How Focusing on the Positive Could Impact Care of Women With HIV

Accomplishments such as gaining a job or completing an educational program was linked with lower depressive symptoms and undetectable viral load, independent of adherence to anti-retroviral therapy.

More than 30 years ago, the arrival of anti-retroviral therapy (ART) brought the promise that HIV might no longer be a death sentence and instead could be managed as a chronic illness. Guidelines recommend starting ART as soon as someone is diagnosed, both to maintain health and reduce the likelihood of transmission.

Of course, adhering to a medication regimen can be easier said than done. Thus, identifying the psychological factors that can limit patients’ ability to manage HIV is essential—along with finding those factors that could boost medication adherence.

A new study of Black women with HIV approached the challenge a different way. Instead of identifying the negative factors that make adherence difficult, the researchers wanted to understand what positive attributes were linked with good ART adherence and better outcomes. Future interventions might then seek to boost these positive psychological factors.

The authors state that women with HIV in the United States “are predominantly Black, live below the poverty line, and have high levels of physical and sexual childhood abuse. They have also experienced many life stressors linked to structural marginalization of disenfranchised communities, including racial and gender discrimination, homelessness, incarceration, IV drug use, and transactional sex.”

These women are already under great stress, and coping with an HIV diagnosis and a new ART regimen just adds to their mental strain, they wrote. Previously, they found that 25% to 30% of those in the Women’s Interagency HIV Study (WIHS) struggled with adherence, and depression was a common culprit.

So, why focus on the positive things in their lives? “Less attention has been paid to positive psychological factors (such as gratitude or optimism) that [women living with HIV] use that may enhance positive emotions, well-being, and adaptive interpersonal relationships,” they wrote.

Positive emotions have been linked with slower disease progression, better medication adherence, and improved chances of achieving HIV suppressed viral load. Patients with positive emotions may be more likely to seek HIV care and have higher CD4+ cell counts, with lower risk of mortality, studies show.

For this study, investigators selected 98 women with HIV who were current participants in the longitudinal cohort of the WIHS, which calls for period check-ins with the study team

The 98 women took part in a process in which they shared 3 important autobiographical narratives from their lives with investigators, and the themes raised in these narratives were examined alongside participants’ depressive symptoms, ART adherence (at least 95% of time), and undetectable viral load (< 80 copies/mL).

Across the entire longitudinal cohort, women had average age of 45.32 years and 90.8% were Black, with 4.1% identifying as Hispanic. More than two-thirds (68.3%) earned less than $12,000 per year; 80% were unmarried and 44.9% did not finish high school. The majority (89%) identified as heterosexual, while 7% were bisexual, and 4% were lesbian. The vast majority (86.7%) reported a lifetime history of sexual or physical abuse at one or more study visits. Those taking part in the narrative sharing process had an average age of 45.3 years; 91% were Black.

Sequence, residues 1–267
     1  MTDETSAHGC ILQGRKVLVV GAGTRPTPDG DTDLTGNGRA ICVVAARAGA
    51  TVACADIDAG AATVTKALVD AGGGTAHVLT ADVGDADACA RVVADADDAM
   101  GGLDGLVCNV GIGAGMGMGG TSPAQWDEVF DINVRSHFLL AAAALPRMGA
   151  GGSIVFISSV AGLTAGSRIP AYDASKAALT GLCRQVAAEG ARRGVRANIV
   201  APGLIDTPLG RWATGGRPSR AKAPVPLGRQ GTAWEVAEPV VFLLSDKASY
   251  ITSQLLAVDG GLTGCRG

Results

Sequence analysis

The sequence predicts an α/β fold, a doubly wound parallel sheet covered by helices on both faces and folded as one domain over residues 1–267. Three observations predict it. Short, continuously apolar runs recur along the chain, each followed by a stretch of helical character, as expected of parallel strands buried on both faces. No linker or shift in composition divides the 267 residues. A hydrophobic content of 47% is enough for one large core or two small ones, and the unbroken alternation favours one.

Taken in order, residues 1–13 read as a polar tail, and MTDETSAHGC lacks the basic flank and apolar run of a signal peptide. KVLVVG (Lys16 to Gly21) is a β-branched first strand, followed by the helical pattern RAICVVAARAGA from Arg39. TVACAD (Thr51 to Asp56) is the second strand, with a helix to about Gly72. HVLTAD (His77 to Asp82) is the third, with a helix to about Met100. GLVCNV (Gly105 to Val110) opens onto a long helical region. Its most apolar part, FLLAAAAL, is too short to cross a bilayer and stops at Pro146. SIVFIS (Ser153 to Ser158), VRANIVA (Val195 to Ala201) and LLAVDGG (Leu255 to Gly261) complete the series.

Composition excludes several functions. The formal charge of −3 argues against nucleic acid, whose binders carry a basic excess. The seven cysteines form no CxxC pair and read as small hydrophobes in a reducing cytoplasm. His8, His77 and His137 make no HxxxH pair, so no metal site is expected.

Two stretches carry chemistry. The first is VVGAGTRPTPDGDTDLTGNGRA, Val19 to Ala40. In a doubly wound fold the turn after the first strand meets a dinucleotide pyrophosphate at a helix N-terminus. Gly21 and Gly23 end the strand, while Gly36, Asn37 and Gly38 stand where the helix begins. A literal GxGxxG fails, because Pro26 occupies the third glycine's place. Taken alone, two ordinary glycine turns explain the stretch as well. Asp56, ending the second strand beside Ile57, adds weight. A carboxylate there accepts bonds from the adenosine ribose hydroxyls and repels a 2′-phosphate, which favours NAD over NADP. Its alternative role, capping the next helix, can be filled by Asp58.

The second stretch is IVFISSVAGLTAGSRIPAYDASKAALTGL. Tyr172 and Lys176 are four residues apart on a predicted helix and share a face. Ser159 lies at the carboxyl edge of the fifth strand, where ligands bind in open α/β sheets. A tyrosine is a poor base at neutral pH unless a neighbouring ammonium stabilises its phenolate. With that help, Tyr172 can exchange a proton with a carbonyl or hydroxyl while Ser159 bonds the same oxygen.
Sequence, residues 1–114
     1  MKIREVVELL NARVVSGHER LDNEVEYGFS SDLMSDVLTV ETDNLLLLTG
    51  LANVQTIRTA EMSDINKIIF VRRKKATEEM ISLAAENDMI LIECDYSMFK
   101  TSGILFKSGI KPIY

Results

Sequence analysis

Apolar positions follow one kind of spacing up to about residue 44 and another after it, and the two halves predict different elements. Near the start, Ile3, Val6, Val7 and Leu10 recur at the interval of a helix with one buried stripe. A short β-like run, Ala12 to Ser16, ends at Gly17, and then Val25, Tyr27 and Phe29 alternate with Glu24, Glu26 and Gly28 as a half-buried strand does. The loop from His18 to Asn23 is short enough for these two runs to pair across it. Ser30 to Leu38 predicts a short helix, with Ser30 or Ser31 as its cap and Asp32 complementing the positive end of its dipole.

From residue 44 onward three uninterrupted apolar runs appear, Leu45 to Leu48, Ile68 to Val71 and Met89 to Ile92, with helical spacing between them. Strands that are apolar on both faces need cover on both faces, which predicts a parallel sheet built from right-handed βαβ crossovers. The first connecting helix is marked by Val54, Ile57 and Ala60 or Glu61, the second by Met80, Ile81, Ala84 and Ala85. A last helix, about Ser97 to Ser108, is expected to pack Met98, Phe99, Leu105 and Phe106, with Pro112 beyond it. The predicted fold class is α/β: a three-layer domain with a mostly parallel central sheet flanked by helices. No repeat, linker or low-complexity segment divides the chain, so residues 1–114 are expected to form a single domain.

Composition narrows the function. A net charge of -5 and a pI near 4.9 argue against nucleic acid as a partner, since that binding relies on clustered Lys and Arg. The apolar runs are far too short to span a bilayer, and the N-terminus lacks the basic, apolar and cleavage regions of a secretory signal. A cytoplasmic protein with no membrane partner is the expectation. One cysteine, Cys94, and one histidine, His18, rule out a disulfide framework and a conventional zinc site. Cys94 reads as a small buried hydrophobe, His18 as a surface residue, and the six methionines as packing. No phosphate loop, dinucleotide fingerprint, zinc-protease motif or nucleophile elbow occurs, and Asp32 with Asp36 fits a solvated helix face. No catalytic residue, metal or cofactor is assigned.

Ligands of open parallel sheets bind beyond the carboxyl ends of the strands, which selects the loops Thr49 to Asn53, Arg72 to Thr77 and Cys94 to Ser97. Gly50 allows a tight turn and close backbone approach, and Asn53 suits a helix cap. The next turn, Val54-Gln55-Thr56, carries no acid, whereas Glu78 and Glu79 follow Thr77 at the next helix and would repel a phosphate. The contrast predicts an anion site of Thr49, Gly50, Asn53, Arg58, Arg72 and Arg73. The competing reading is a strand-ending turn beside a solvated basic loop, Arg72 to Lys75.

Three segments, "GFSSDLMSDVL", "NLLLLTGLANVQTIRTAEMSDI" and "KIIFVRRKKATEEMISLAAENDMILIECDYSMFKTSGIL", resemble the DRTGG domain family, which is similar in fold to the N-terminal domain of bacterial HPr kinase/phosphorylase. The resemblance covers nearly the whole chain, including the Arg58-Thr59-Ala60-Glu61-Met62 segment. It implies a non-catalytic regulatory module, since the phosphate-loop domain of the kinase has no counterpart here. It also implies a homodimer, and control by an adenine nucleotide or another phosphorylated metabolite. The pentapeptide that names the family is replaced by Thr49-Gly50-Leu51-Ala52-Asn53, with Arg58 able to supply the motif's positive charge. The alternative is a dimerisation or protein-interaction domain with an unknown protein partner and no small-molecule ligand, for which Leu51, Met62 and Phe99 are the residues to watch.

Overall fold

Investigators coded each participant’s narratives for 10 positive psychological factors: gratitude, insight, compassion, meaning-making, acceptance, mindfulness, generativity, optimism, self-reliance, and benevolent God beliefs) and 3 positive life themes (health improvements, positive relationships, and accomplishments). Higher accomplishments, overall positive factors, insight, mindfulness, self-reliance, optimism, meaning-making, and acceptance were related to symptoms recorded on the Center for Epidemiologic Studies Depression Scale.

“Overall, women who more frequently used positive factors, especially mindfulness, meaning-making, acceptance, insight, and self-reliance had significantly lower depressive symptoms, including lower negative affect, somatic symptoms, or interpersonal problems,” the authors wrote. “Women who had higher levels of compassion had better ART adherence.”

Accomplishments such as gaining a job or completing an educational program was linked with lower depressive symptoms and undetectable viral load, independent of ART adherence, they wrote.

The authors wrote that compassion stood out as an important factor; 62 of 98 women expressed it, and the significant relationship between compassion and adherence, “highlight the powerful role compassion may play in these women’s lives.”

“Compassion for others may minimize the self-focus that accompanies depression and facilitate mutual and supportive relationships, which have been found to be health-promoting” in women with HIV.

The investigators concluded that positive emotions and accomplishments may contribute to lower levels of depression, especially negative affect, somatic symptoms, and interpersonal problems. They called for randomized controlled trials that included the teaching the skills of gratitude, kindness, positive re-appraisals, and mindfulness.

“Along with other trauma treatment components (e.g., emotion regulation skills, self-compassion practices, and strategies to ensure safety), the inclusion of these positive factors can potentially contribute to the development of a trauma-informed positive psychology intervention for Black women living with HIV,” the investigators concluded.

Reference

Brody LR, Firpo-Perretti Y, Bruck-Segal D, et al. Positive psychological factors and life themes in relation to health outcomes in women living with HIV. Intl J Behav Med. Published October 28, 2021. doi: 0.1007/s12529-021-10032-y